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New legislation takes aim at social networks

Earlier this week, in discussing Facebook's settlement with the Federal Trade Commission over privacy
July 31 · Issue #359 · View online
The Interface
Earlier this week, in discussing Facebook’s settlement with the Federal Trade Commission over privacy violations, I lamented that the United States is governing technology platforms through fines rather than laws. Even if settlements like these satiate the public demand for accountability — and it’s not clear that this one will — they change none of the underlying conditions that enable companies to violate our privacy in the first place.
For that, you need laws — and so, let’s check in on three laws now under consideration.
One, today there was a flurry of activity surrounding potential privacy legislation in the Senate. A push for national privacy legislation began after California passed its own privacy law last year, modeled in part on Europe’s General Data Protection Legislation, and tech lobbyists hope to push through a national law to prevent a patchwork of them from developing state by state. But it faltered when House Speaker Nancy Pelosi (D-CA) said she would oppose any legislation that overrides state law.
Rebecca Kern reported on the current state of the play in the Senate, where Democrats and Republicans have very different ideas. The peg for this story is that Democrats have a new draft framework for privacy legislation. They want individuals to be able to sue tech platforms for misusing their data — a so-called “private right of action.” Republicans are opposed.
Sen. Maria Cantwell (D-Wash.) developed the draft framework, which the sources said also includes data security provisions, as Republican and Democratic lawmakers in both chambers work on broad privacy legislation. The move may complicate the chances that the Senate Commerce, Science and Transportation Committee will advance any privacy bill this year.
“We’re not going to have a private right of action,” committee chairman Roger Wicker(R-Miss.) told reporters. “It’s totally a non-starter.”
Meanwhile, Sen. Josh Hawley (R-MO) is pushing what he calls the SMART Act — an effort to ban a variety of common growth and engagement features, some of which are arguably the lifeblood of the targeted products. Emily Stewart highlights some of the bill’s requirements at Vox:
Banning infinite scroll, auto refill, and badges and awards users get for engagement, except for in certain circumstances — such as music streaming or badges that “substantially increase” access to new services or functions, like giving a person access to a premium version of a product.
Requiring social media platforms to include “natural stopping points” for users, which would basically end scrolling after a certain amount of content.
Requiring platforms to make it a neutral process for users to accept or deny consent terms — meaning accept and decline boxes would have to look the same.
Requiring social media companies to make it easier for users to track the amount of time they spend on their platforms.
Automatically limiting the time users can spend on a platform across all devices to 30 minutes a day. Users would be able change the limits, but they would have to do so every month.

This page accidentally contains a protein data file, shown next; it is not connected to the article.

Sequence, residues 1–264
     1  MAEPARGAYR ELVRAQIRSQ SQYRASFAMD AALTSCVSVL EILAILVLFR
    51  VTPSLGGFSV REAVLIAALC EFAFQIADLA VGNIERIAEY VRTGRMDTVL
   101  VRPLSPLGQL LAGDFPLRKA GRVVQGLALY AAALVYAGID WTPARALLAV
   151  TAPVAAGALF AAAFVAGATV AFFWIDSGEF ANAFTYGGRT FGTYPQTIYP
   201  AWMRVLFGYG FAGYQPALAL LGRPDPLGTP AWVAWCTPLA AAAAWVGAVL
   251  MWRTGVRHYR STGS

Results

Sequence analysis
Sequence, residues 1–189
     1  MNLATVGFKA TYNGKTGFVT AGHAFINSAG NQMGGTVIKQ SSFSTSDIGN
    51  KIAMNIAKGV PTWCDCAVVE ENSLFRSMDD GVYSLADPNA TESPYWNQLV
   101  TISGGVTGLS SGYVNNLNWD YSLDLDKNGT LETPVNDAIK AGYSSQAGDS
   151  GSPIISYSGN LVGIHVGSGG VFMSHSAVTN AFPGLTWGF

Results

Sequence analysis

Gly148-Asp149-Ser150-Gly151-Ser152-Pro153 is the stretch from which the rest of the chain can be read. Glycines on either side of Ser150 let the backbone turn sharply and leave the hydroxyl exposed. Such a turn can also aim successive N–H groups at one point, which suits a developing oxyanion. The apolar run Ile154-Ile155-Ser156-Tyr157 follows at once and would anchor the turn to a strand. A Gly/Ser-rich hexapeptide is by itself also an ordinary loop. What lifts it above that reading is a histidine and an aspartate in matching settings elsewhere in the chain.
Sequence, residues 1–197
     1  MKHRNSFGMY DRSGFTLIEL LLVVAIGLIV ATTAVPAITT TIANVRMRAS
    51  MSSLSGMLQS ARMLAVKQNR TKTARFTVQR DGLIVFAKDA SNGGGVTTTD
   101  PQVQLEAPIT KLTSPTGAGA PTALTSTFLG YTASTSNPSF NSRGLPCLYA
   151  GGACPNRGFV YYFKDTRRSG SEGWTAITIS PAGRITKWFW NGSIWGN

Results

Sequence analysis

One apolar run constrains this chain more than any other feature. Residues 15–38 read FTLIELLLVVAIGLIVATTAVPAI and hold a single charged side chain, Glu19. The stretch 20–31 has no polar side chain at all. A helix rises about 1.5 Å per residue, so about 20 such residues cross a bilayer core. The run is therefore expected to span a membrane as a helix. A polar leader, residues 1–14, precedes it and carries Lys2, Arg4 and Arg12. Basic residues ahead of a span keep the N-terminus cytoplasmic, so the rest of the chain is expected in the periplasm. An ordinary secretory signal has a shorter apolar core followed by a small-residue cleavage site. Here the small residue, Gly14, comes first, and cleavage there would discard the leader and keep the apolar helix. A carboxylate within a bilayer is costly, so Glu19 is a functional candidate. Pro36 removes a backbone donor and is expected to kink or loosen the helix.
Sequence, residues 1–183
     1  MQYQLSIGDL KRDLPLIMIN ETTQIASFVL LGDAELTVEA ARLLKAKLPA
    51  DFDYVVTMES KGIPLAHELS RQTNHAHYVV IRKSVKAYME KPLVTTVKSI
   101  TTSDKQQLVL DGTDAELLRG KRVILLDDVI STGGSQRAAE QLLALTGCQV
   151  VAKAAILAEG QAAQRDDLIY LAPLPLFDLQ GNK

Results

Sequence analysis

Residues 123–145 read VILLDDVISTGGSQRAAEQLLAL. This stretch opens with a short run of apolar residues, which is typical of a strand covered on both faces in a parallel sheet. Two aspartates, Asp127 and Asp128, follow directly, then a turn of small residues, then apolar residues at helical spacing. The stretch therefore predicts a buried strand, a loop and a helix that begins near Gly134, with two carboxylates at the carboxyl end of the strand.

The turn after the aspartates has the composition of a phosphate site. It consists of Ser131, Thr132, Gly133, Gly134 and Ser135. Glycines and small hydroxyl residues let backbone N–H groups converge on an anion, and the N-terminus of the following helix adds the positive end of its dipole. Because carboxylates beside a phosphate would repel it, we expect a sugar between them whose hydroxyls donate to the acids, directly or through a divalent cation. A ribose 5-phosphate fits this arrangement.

It’s easy to dismiss the bill as a nonstarter. It’s an effort to radically alter a sector of the economy using limitations that look, at least on their surface, fairly arbitrary. I asked some Silicon Valley types about the bill last night at a dinner, and they more or less howled in disbelief that such a law like this could be proposed.
Among other things, it’s just very broad. As my colleague Adi Robertson points out, Hawley’s bill would place restrictions on any site that includes user-generated content:
Unlike Mark Warner’s DETOUR dark-patterns act, Hawley doesn’t have an equivalent to “Large Online Operaters” — i.e. Facebook, Twitter, Instagram. It essentially treats anything where people talk to each other on the internet as an evil time-suck.
I’m sympathetic to that criticism, and suspect Hawley’s bill will not become law. Some of its provisions seem like gifts to other industries. Limit Americans to 30 minutes a day on social media, for example, and I imagine they’ll spend a great deal of their newfound time rediscovering television.
And yet I can’t help but wondering what might happen if at least some of its provisions were implemented. Would teens be happier if the United States outlawed Snapchat streaks, as this bill would do? Would YouTube recruit fewer people into the far right if autoplay video were illegal?
It seems valuable as a thought experiment, at least.
In the meantime, another bill under consideration has proposed a different type of experiment. Here’s Stewart again:
Another proposed law in Congress, the CAMRA Act, sponsored by Sen. Ed Markey (D-MA), is trying to promote a data-driven approach to investigating the idea of social media addiction. The legislation would authorize the National Institutes of Health to head a research program on the effects of technology and the media on children. The legislation has five cosponsors, including three Republicans. Hawley’s office has not yet signed onto the bill and said they are reviewing the legislation.
Research on the effects of social media to date has been limited, and its conclusions often contradictory. It’s good to see bipartisan support for an effort to bolster that research, and generate data that might someday lead to better regulations. As it stands now, that day seems very far away. But I suppose we have to start somewhere.

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Thread by robin on Rosegarden, archived six hours ago
And finally ...
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